In the ALICE accelerator the electron bunch is compressed to ~1ps duration in a compression chicane consisting of four dipole magnets immediately upstream of the free electron laser. As maximum compression is reached in the fourth dipole, intense broadband THz radiation is emitted at wavelengths longer than the electron bunch length. Typical THz parameters are given in the table below:
|Parameter ||Value |
|Macropulse repetition rate (MHz) ||40.625 |
|Macro bunch length (μs) ||≤100 |
|Number of micropulses/macropulse ||≤4060 |
|Bunch train (macropulse) repetition rate (Hz) ||10 |
|Wavelength range (THz) (determined by filters) ||>0.6 mm;<0.5 THz |
|THz energy per pulse (nJ) ||70 (at source) |
|Peak power (MW) ||~0.07 (at source) |
|THz energy per train (μJ) ||283 (at source) |
|Average power within macropulse (W) ||2.84 (at source) |
The graph shows the number of photons per pulse per 0.1% bandwidth emitted into a 60mrad extraction aperture for a modelled 0.6ps (rms) Gaussian bunch. The effect of coherent enhancement at wavelengths longer than the electron bunch length is evident.
Terahertz radiation for the study of biological and medical problems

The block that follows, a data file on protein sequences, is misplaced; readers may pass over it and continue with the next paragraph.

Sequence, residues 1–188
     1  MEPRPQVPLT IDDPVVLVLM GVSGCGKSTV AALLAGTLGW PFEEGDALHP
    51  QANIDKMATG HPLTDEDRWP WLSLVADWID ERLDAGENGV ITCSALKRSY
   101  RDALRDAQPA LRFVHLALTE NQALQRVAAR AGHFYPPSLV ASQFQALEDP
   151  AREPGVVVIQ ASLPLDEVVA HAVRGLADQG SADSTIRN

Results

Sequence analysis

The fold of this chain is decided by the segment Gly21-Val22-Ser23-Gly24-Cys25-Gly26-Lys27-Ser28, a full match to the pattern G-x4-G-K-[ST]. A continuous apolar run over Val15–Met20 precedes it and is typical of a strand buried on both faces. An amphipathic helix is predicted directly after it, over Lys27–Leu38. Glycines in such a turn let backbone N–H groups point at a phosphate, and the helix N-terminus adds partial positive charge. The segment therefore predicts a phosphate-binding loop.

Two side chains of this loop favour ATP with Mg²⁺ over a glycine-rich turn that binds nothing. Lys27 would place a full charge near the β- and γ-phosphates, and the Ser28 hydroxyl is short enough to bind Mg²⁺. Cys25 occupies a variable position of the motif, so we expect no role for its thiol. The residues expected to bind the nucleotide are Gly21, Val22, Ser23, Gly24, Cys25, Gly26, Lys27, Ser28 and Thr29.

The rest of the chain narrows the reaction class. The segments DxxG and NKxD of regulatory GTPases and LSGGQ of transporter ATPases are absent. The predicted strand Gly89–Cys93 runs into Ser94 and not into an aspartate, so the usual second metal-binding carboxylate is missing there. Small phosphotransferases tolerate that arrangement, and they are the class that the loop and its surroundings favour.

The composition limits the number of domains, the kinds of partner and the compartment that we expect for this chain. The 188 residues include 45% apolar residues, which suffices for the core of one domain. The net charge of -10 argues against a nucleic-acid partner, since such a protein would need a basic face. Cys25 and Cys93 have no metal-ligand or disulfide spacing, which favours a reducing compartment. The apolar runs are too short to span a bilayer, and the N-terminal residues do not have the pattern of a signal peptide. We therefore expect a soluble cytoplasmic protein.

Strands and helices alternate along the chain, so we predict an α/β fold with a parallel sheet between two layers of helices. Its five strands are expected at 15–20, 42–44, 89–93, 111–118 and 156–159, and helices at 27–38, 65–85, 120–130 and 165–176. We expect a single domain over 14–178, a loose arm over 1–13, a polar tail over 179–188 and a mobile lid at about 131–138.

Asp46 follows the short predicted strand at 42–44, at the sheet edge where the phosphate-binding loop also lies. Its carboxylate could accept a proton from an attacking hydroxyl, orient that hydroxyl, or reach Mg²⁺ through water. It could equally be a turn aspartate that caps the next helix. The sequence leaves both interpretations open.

The construction of a terahertz beamline from the ALICE accelerator into a tissue culture facility for the growth of human tissue has created a unique facility for the study of biological systems. The terahertz beamline provides the most intense source of broad-band THz radiation in Europe, the third most intense in the world and the only one equipped with a capability for the study of live human cells
Fig. 3: The photograph above shows the upper floor of the tissue culture facility. The THz beamline that directs the THz radiation from the energy recovery linear accelerator to the TCF is illustrated on the right.
One of the goals of the research programme is to establish the safe level of human exposure to THz radiation. The development of security screening systems based on THz radiation means that humans will be increasingly exposed to THz radiation. It is important to establish the safe level of repeated low-level exposure to radiation in this frequency range.
Low power THz systems are already in use for the characterisation of cancerous tissue removed in surgery and are being developed for the diagnosis of skin cancers. Unfortunately the low power levels available with such systems, which are in the mW to mW range, make it difficult to establish clear clinical protocols. The high peak power available with the THz beamline, 70 kW, makes it possible to resolve these problems and may lead to the development of low cost portable instruments for diagnosis and tissue characterisation.
You can find more scientific details of results from the THz Research Programme in a paper in the journal of Physics in Medicine and Biology (link opens in a new window).
The programme is lead by Professor Peter Weightman of the physics department of Liverpool University and colleagues from the Daresbury Laboratory and the departments of clinical engineering and cell biology and the school of biological sciences from the University of Liverpool.